April 9, 2012

Lyme disease treatment puts artist on road to recovery

The tick-borne illness debilitates a robust, long-distance bike rider, but treatment is now helping.

By Deirdre Fleming dfleming@pressherald.com
Staff Writer

Stephen Gleasner is not your typical stay-at-home dad.

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Stephen Gleasner of Appleton is recovering from Lyme disease after it went undiagnosed for several years.

Gabe Souza/Staff Photographer

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TICK AND LYME disease awareness seminars will be held by the Maine Center for Disease Control in partnership with outdoor retailers.

Epic Sports Gear, Bangor, May 4

L.L. Bean, Freeport, May 19 and 20

Cabela’s, Scarborough, May 26

ANYONE INTERESTED in holding a seminar can call the Maine CDC at 1-800-821-5821.

Gleasner, 50, creates art from plywood. His glass-like wooden bowls and relief wall hangings appear in galleries in Rockport and Rockland, as well as in South Carolina, Connecticut and Minnesota.

When not wielding a sander or hand saw, he has enjoyed riding his mountain bike long distances – such as from Canada to Mexico.

But now, Gleasner, of Appleton, suffers the classic symptoms of Lyme disease – chronic fatigue, and joint and gut pain. Gone are the mountain-bike expeditions and long creative days in his studio. Now it is a challenge making it from morning alarm clock to bedtime without a nap.

"I used to think it was fun to ride my bike and then cut the grass. But the past three years, if I took a two-mile walk, I had to sleep for a couple of hours. Everyday life became one special occasion after another. I had to give everything an extra effort," Gleasner said.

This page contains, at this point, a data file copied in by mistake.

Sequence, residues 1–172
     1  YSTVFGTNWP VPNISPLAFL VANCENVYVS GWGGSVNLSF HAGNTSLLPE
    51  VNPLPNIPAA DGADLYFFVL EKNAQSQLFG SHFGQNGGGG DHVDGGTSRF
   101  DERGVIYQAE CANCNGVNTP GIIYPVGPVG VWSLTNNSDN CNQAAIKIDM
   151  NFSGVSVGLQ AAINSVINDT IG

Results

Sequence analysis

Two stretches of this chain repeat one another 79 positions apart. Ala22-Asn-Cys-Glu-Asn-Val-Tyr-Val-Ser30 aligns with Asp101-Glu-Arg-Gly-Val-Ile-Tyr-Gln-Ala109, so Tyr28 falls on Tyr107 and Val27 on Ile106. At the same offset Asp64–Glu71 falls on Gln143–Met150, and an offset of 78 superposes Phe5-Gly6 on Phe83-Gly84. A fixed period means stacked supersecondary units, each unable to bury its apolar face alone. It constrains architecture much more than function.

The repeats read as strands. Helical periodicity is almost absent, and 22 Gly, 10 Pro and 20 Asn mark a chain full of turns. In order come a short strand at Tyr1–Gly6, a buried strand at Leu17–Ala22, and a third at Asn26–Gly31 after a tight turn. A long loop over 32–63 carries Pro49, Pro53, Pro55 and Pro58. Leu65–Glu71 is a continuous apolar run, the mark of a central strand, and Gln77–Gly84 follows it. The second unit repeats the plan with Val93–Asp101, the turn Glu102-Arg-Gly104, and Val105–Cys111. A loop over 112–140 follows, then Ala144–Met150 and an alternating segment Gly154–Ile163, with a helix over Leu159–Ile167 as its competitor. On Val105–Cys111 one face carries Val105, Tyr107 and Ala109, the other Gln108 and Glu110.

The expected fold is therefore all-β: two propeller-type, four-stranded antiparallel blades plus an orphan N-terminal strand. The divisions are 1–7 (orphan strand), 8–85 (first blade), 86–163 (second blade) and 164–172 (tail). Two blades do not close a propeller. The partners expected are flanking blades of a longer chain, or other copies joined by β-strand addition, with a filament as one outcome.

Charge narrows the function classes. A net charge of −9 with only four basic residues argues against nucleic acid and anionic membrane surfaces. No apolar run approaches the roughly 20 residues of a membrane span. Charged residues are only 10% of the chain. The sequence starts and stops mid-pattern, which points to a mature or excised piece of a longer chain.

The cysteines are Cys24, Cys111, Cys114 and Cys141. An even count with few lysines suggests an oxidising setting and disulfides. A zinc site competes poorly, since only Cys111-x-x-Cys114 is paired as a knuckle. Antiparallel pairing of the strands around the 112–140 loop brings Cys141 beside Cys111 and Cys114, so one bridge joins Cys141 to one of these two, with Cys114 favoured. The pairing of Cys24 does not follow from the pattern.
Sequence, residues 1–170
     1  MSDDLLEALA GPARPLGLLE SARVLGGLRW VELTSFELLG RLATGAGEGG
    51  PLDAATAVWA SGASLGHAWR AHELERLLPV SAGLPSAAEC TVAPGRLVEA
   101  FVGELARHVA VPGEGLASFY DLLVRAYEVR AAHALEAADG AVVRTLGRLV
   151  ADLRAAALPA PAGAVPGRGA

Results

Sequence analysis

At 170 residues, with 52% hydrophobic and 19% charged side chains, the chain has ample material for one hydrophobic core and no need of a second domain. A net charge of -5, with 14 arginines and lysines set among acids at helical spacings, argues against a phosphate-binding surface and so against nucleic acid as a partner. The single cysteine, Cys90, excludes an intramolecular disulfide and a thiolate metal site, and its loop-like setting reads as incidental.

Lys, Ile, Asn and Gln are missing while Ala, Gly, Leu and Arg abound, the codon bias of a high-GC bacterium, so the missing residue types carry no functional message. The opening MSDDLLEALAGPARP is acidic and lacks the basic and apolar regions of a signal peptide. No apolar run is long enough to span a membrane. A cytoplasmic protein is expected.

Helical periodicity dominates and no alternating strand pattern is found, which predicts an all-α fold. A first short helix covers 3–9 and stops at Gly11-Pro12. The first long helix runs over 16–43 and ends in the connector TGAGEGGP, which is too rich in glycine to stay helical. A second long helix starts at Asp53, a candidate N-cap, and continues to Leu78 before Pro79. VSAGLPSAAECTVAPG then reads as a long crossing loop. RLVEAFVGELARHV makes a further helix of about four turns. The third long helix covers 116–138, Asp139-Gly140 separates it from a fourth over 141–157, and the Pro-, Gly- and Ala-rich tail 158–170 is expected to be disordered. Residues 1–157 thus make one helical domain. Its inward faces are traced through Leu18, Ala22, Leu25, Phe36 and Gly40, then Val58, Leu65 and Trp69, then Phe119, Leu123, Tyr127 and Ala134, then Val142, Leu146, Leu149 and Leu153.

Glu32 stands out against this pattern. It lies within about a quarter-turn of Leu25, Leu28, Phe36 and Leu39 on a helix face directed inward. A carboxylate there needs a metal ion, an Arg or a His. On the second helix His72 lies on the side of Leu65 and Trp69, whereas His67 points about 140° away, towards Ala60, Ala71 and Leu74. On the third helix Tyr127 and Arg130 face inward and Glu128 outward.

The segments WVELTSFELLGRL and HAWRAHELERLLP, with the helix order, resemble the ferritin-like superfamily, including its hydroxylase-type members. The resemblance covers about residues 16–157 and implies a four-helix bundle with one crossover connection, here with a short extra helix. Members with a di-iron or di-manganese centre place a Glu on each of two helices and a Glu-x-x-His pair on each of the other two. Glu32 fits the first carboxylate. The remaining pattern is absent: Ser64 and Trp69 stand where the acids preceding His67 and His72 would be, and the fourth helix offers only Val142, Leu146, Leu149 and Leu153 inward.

In 2008, Gleasner entered the Tour Divide, a mountain bike race few dare to try, pedaling through two Canadian provinces and five states from Montana to New Mexico. He raced against half a dozen other riders, climbing a total of 200,000 vertical feet over the 2,745-mile route during the course of a month.

Then Gleasner returned to Maine, took a few victory laps at the annual Bradbury Mountain bike race, and his life soon changed for the worse.

"Three months after the Divide, things started to fall apart. I went to an infectious disease guy, and the test for Lyme came back negative. I was assured it wasn't Lyme. But it's more complicated than that. It's a hard disease to diagnose," he said.

Gleasner struggled to make his wife and two young children breakfast. He was often forgetful, confused and suffered vertigo.

He would enjoy his son, Clark's, hour-long hockey practices, then struggle to put the boy's equipment in the hockey bag for him.

Over the next three years, Gleasner had an MRI, two CAT scans, blood work repeatedly, and changed doctors several times. All the while, his symptoms got worse.

Then last fall, he switched physicians one last time, and despite having never tested positive for Lyme, he started receiving treatment for the disease.

Since then, Gleasner says he's gotten better. He can make it through most days without a nap; gets less confused and dizzy; and is even trying to ride his bike again. He believes he will continue to recover. But he'll never get the last three years back.

"When I rode the Divide, my daughter was 3. More than half her life she's known me as the guy who is stiff and hurts. I'm not the guy I was, but I can't tell that to my kids. They see what they see now," he said.

Staff Writer Deirdre Fleming can be contacted at 791-6452 or at:


Twitter: Flemingpph

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